Wednesday, May 26, 2010

Another Prize Problem for Small Publishers

Interestingly, since I posted yesterday about the Booker Prize rules which discriminate against smaller publishers, Neil Astley of poetry imprint Bloodaxe complained the same day on Facebook (to a chorus of dismay from other poetry publishers) that, for the first year ever, there is an entry fee for the Guardian First Book Award. The fee is £150, and if that seems derisory, then I would suggest a better acquaintance with the kind of shoestring budgets on which most poetry small publishers subsist, such as would make them think twice about submitting a new poet on the off-chance of their winning (longlisting, as someone on the Facebook thread points out, often not resulting in many sales).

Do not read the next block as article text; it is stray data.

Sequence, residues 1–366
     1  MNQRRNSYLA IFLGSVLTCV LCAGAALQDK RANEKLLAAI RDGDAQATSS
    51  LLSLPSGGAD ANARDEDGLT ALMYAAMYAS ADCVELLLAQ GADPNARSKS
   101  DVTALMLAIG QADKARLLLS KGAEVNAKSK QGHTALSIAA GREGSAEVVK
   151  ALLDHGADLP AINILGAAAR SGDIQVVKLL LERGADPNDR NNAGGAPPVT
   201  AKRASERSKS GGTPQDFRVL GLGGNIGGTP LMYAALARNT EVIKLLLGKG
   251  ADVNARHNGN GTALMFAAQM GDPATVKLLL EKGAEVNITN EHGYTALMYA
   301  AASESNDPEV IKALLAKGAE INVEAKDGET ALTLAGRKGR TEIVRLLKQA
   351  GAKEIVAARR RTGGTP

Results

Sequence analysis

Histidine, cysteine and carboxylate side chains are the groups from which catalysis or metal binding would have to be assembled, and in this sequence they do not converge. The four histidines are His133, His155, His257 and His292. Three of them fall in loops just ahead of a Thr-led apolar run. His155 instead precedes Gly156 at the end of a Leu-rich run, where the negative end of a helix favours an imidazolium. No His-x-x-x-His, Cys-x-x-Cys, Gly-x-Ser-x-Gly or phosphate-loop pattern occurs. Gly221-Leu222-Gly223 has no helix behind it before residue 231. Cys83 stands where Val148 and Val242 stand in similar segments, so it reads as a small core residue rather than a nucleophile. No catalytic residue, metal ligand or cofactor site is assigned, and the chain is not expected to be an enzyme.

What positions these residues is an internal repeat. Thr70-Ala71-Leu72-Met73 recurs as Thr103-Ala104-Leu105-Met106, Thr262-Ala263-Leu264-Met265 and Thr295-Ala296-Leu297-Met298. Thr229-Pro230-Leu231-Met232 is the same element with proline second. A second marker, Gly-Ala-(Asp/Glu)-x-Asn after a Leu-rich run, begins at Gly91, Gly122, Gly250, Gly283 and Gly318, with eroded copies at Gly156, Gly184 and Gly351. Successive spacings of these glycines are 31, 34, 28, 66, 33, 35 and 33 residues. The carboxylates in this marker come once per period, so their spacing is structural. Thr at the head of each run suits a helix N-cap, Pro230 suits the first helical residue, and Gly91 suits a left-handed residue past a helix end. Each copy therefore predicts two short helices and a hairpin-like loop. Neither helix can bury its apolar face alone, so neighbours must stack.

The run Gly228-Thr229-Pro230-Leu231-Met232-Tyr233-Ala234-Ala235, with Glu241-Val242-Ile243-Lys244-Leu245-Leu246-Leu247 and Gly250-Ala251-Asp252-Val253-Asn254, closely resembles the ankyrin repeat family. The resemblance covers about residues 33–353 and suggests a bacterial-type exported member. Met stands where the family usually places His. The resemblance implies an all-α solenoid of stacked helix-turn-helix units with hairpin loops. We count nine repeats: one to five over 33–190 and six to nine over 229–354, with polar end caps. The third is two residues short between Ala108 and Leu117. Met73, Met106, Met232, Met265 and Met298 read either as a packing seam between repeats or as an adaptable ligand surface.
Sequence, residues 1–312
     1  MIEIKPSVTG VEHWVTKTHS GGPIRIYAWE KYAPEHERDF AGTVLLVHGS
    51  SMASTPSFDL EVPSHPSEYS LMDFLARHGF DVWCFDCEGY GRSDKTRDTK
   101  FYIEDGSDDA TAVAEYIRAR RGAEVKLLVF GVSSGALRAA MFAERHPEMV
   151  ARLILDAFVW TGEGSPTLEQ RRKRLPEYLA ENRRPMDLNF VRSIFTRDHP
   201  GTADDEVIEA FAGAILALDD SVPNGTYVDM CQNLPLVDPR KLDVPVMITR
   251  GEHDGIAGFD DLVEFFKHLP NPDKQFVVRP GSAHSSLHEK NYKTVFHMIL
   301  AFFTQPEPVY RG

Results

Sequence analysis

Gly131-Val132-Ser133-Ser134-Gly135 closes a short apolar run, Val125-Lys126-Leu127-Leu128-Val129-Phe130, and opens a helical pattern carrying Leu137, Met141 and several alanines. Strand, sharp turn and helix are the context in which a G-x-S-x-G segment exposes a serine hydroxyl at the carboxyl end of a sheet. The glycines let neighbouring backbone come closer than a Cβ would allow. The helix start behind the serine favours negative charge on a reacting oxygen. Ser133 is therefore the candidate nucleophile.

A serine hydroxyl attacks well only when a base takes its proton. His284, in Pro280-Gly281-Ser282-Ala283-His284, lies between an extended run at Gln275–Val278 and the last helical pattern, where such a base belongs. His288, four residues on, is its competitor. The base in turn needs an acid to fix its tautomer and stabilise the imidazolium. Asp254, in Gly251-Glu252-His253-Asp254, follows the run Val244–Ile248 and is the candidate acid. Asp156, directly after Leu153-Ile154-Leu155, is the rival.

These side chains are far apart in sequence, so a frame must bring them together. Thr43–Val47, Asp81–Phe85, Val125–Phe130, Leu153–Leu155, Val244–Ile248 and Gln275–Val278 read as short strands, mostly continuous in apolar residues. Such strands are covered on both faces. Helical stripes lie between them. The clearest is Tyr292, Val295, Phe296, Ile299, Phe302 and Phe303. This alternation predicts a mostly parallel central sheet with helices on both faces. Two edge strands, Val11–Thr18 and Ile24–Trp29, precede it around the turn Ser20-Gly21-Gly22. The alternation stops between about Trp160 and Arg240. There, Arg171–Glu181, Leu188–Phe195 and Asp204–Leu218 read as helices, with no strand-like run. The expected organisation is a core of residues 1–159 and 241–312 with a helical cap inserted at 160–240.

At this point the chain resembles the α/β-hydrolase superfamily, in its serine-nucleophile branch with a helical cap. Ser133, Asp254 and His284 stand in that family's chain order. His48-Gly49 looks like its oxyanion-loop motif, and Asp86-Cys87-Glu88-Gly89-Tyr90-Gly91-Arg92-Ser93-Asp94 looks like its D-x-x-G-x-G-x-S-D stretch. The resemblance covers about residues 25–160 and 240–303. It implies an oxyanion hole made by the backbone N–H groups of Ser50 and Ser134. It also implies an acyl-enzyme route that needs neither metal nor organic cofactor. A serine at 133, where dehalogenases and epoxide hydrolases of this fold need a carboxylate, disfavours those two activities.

The Guardian move seems even more graphically to discriminate against small presses. In the FB thread, Salt publisher Jen Hamilton-Emery points out that this has always been an expensive prize for small presses to enter, as publishers of shortlisted books are required to provide 100 copies free for the reading groups involved, thus effectively wiping out the profits on that book for a small publisher. There are similar discouraging restrictions for the Booker, which I didn't mention yesterday: for the Booker the publisher must be prepared to have 1,000 copies available 10 days after longlisting, for which, as I indicated yesterday, many small presses, used to doing smaller print runs and even POD, won't have the upfront ready cash, and which cash, again, may not be recovered in sales. And the publisher must also undertake to retain two 'folded and collated' copies for binding by a named leather binder, another thing which, it seems possible to me, could militate against publishers using alternative technologies, though I'm not an expert on this stuff, so I could be wrong. The rule doesn't state who bears the cost of the binding, so maybe at least that's part of prize...
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